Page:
Integrated Platforms: Integration with platforms like Centerpoint Connect provides a unified environment for interacting with, analyzing, and sharing 3D models. Measuring, inspecting, and annotating these models from anywhere enhances communication between estimating and production departments. With a more transparent, accurate depiction of the project, estimators can create more accurate scopes, and superintendents can better prepare for on-site challenges. Shared visual language fosters a better understanding of collaboration and significantly reduces conflicts arising from misinformation or lack of information.


Breaking Down the Media:

3D Models

  • 3D models
    enable precise horizontal and vertical measurements, adding a
    layer of insight and confidence to each estimate.
  • Accessible from any device with an internet connection, 3D models allow stakeholders to view projects of any size from anywhere. This capability revolutionizes collaboration, marketing, and sales by bringing the roof to stakeholders without leaving their offices.

2D Orthomosaics

  • Replacing conventional tools like Google imagery, 2D orthophotos boast an average of 10x greater resolution and 4x the resolution of a standard eagle view manned flight report.
  • The crystal clarity of 2D orthos empowers users to count, measure, and locate all air-visible penetrations, acting as a super tool for roofing projects.
  • Incorporating these images into estimates with a simple scale constraint enhances measurement accuracy.
  • Utilize 2D orthos as a map for your roof plan, showcasing a more accurate project unfolding.
Roof Orthomosaic


  • Capturing the roof and building is simplified with a few tips, enabling the acquisition of branded images throughout the project lifecycle for sales, marketing, or project management. The clarity and color richness of these images are bound to impress.
Aerial Image from drone of roof


  • Videos serve as a quick, alternative method to get a project overview, particularly useful for individuals less accustomed to 3D models or those preferring a different visual perspective. A 1 to 2-minute orbit around the roof can provide a swift yet thorough overview.
  • Before and after shots compiled into videos create compelling marketing content, aiding in scaling your business year after year.


Transitioning to the New Approach: In-House vs. Outsourced Pilots

Incorporating drone technology in roofing inspections is not merely about adopting new gadgets; it's about embracing a paradigm shift that enhances operational efficiency, accuracy, and safety. As companies transition to this new approach, a pivotal decision lies between employing in-house drone pilots or outsourcing this expertise. Each path carries its set of advantages and considerations.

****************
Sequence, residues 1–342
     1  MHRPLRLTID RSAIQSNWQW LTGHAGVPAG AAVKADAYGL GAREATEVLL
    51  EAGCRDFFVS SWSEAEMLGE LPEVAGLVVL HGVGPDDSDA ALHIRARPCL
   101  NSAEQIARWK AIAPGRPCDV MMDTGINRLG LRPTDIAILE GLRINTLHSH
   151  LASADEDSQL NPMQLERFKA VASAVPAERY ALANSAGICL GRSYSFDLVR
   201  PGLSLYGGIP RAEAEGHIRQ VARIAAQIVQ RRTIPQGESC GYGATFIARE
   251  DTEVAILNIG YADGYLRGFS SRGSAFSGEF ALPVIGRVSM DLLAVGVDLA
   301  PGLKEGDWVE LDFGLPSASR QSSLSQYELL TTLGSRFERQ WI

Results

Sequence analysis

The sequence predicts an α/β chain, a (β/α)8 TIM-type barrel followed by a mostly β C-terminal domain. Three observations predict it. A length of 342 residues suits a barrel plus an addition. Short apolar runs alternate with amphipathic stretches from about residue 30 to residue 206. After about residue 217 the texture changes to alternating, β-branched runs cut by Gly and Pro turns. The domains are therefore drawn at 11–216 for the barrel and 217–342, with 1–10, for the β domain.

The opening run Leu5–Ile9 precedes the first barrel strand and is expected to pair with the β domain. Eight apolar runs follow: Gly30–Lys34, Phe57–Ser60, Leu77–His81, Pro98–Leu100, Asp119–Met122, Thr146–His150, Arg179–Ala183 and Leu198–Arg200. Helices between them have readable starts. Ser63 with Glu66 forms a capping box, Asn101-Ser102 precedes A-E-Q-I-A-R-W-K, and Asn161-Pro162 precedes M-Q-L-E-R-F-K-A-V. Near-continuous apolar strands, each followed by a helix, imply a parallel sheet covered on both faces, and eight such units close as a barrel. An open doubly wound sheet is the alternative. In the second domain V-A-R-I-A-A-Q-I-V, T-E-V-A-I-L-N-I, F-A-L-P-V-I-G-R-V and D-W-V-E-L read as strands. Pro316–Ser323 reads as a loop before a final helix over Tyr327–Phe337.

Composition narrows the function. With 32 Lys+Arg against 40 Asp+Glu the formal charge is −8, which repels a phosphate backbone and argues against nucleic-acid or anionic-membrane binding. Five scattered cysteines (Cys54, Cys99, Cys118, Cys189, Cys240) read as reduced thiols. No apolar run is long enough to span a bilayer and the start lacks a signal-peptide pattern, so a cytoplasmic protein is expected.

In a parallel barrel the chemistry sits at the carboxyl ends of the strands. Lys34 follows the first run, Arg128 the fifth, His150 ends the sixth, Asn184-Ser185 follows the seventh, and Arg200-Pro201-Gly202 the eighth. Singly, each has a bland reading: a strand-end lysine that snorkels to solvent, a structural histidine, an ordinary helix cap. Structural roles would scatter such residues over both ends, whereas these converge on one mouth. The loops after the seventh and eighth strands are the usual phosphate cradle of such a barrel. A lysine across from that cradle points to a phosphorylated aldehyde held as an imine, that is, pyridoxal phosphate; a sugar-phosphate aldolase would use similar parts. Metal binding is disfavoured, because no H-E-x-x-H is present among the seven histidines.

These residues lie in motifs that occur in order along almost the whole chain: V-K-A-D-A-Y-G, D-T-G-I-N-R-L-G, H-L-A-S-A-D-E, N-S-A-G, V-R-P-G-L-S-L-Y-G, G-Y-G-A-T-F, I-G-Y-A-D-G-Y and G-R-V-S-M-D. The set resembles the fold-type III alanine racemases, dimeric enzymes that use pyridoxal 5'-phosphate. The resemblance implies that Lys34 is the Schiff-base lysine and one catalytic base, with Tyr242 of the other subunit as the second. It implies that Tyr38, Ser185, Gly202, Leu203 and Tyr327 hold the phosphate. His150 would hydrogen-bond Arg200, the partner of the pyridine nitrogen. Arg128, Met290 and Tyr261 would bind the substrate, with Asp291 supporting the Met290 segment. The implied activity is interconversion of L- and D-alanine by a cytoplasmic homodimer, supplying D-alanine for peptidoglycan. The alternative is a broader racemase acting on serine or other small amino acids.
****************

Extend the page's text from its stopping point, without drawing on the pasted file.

In-House Drone Pilots:

  • Alignment with Company Values: In-house pilots are immersed in the company culture and align with its values, quality standards, and operational processes. This alignment fosters a higher level of accountability and quality control.
  • Quick Response and Communication: Having pilots as part of your team facilitates rapid response times to project needs and enhances communication within the project ecosystem.
  • Cost Efficiency Over Time: While the initial investment in training and equipment might be substantial, having in-house pilots can be cost-effective in the long run, especially for companies with a high volume of projects.
  • Skill Development: Investing in training for in-house pilots builds a skilled workforce and instills a sense of value and growth, which can be motivating and retention-enhancing.

Outsourced Drone Pilots:

  • Lower Initial Investment: Outsourcing pilots may require a lower initial investment as they come with their equipment and expertise.
  • Flexibility: It's a flexible solution for companies with infrequent drone needs or those in the early stages of integrating drone technology.
  • Access to Specialized Expertise: Outsourced pilots often have a wide range of experience and may provide specialized expertise in drone operations.
  • Reduced Management Overhead: Outsourcing reduces the management and administrative overhead of maintaining an in-house drone team.


Making the Decision:

Dalle-3 - business making a decision

The decision between in-house and outsourced pilots hinges on various factors, including the volume of drone-needed projects, budget considerations, the importance of closely aligned operations, and the company's long-term vision concerning drone technology.

GeoSpatial Integrations LLC's experience showcases the tangible benefits of nurturing in-house drone expertise with a 240% increase in projects captured by scaling up with an additional in-house pilot, new drones, and refined workflows — 17 projects and 21 buildings within a month. This case exemplifies the scalability and efficiency gains attainable with a well-structured in-house drone program.